For a program that was only supposed to be about goals, Match of the Day is now about something else entirely – not least the future of the programme, the BBC and football’s role in politics.
And Ian Wright quickly followed the news of the departures of Gary Lineker, and then Alan Shearer, announcing that they would not be available on Saturday in solidarity. You broke the tax. Something had to be offered, especially with how politicized the sport had become.
This is a new era, and the BBC and its flagship football program will have to adapt to it and think about it for real.
There is great irony in the fact that this entire episode could initially have been seen as a case of football being used to distract crowds, in the way the sport has been repeatedly politically criticized. A story that began with a disgraceful immigration bill being used exemplarily and cynically by a Tory government to devolve a country somehow falling apart into a mass discussion about a tweet from a football announcer. That was amazing, and it seemed another example of a country losing perspective… until now.
As has been happening with the game more recently, its truly national role means that it not only reflects society, but has now forced the country to look at itself afresh – and above all the national broadcaster’s approach to coverage.
This is how the game has always been, far from being a distraction, a means of political self-expression.
It’s arguably fitting if not inevitable that Lineker brought this up because, long before Twitter, he was a broadcaster willing to tackle big issues. He helped propel broadcasting into a new era, and it is to his credit that he is now better known as one of England’s greatest strikers. This approach was actively embraced by Wright, who was a great proponent of using football for the greater good.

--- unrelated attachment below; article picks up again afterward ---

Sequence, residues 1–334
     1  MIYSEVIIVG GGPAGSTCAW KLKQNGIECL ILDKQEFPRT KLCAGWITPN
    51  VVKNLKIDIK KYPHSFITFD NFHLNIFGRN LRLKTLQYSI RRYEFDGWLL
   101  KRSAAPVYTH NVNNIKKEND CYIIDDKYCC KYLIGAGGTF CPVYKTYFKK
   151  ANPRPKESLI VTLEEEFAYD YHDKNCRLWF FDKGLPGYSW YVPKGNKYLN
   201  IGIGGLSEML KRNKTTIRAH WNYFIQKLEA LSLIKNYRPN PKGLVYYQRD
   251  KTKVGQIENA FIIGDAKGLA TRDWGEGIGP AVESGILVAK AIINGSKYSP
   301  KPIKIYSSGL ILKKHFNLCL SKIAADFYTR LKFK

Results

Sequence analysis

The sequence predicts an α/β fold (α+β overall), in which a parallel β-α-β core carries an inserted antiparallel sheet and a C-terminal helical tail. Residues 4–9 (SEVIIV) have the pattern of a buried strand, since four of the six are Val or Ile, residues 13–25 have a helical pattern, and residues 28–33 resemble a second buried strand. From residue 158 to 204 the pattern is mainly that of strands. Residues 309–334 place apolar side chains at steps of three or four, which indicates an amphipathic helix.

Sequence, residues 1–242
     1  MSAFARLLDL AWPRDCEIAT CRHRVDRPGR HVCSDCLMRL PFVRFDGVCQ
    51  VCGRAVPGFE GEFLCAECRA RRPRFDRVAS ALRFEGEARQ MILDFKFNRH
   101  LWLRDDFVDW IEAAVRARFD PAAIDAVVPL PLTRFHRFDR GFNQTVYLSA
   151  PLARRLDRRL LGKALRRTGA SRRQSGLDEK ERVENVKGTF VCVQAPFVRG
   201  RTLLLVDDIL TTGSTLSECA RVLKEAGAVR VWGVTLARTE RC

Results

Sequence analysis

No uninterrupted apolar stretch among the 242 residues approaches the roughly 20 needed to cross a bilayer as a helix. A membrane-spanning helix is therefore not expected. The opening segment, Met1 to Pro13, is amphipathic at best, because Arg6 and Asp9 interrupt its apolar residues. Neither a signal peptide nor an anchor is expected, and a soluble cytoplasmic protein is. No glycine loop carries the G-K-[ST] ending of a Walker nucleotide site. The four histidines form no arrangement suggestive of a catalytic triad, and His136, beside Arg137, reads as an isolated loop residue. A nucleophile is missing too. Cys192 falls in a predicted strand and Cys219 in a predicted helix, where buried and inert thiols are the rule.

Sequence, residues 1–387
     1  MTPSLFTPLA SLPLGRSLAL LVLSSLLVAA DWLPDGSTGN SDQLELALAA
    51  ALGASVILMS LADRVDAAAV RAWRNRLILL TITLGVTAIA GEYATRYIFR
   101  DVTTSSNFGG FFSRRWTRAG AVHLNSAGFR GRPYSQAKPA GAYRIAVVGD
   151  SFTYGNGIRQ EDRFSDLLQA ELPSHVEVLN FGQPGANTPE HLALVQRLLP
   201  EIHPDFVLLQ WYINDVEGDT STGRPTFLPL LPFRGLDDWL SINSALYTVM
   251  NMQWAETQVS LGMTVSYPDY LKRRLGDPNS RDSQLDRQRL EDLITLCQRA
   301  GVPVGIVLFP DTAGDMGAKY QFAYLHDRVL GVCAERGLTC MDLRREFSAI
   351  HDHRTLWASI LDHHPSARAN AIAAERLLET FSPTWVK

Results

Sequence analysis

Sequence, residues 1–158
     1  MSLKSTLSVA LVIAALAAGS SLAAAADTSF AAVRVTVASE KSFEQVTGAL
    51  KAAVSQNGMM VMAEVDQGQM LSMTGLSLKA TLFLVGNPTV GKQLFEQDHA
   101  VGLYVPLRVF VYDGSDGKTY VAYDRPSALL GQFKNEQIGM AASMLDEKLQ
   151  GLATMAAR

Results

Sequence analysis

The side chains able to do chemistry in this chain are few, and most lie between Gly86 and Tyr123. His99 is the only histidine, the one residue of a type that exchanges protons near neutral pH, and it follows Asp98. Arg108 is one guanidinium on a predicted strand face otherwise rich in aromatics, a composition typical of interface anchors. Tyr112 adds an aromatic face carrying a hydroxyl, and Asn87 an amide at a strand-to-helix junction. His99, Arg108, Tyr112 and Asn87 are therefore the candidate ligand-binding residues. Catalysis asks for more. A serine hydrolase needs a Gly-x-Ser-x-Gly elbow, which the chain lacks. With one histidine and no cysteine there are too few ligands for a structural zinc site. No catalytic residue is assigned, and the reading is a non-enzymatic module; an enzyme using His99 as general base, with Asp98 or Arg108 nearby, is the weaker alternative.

This is the world in which a modern footballer like Marcus Rashford can be one of the biggest problems for the government.
However, Match of the Day and other related programs is an area that has struggled to get back on its feet.
There are of course side discussions to be had about the exact wording of Lineker’s tweet, whether independent contractors should be subject to the same guidelines as employees and debate about the nature of those guidelines, but that is… side discussions.
It is now about something much bigger, and as far as football is concerned, the place of its flagship programme.
This brand – one of sports’ strongest – has now been blown away by a short-sighted approach.
Another irony of this is that, despite the politicization of the sport and some of its major broadcasters, Match of the Day in general has sought to avoid this.
We are in a new world of football where nation-states with problematic human rights records use and control the sport, but far from any kind of scrutiny on it, it is celebrated through it.
The issue is that these things cannot go on indefinitely. In the end there must be a break.
That’s what happened here with Lineker and now by extension today’s game.
A short-sighted and compromise solution that was never fully formulated and ultimately not rooted in reality.
This is not for Match of the Day, not for the BBC and certainly not for the football fan or casual viewer.
It is more like trying to avoid the truth and the truth than to face it.
That’s where we’re at now with this Lineker story and making the reality going forward for Match of the Day – and really, the entire BBC football output – very uncertain.
Any influential figure like Wright pulling out in solidarity will cause more waves.
What would a presenter presenting Match of the Day look like this weekend? How can she discuss anything credibly?
Will it be withdrawn?
This also relates to the issue of trust.
This is where the game is in the year 2023.
It is political in nature and has duly raised a story that has transcended football – but more importantly that it may change the way we see it.
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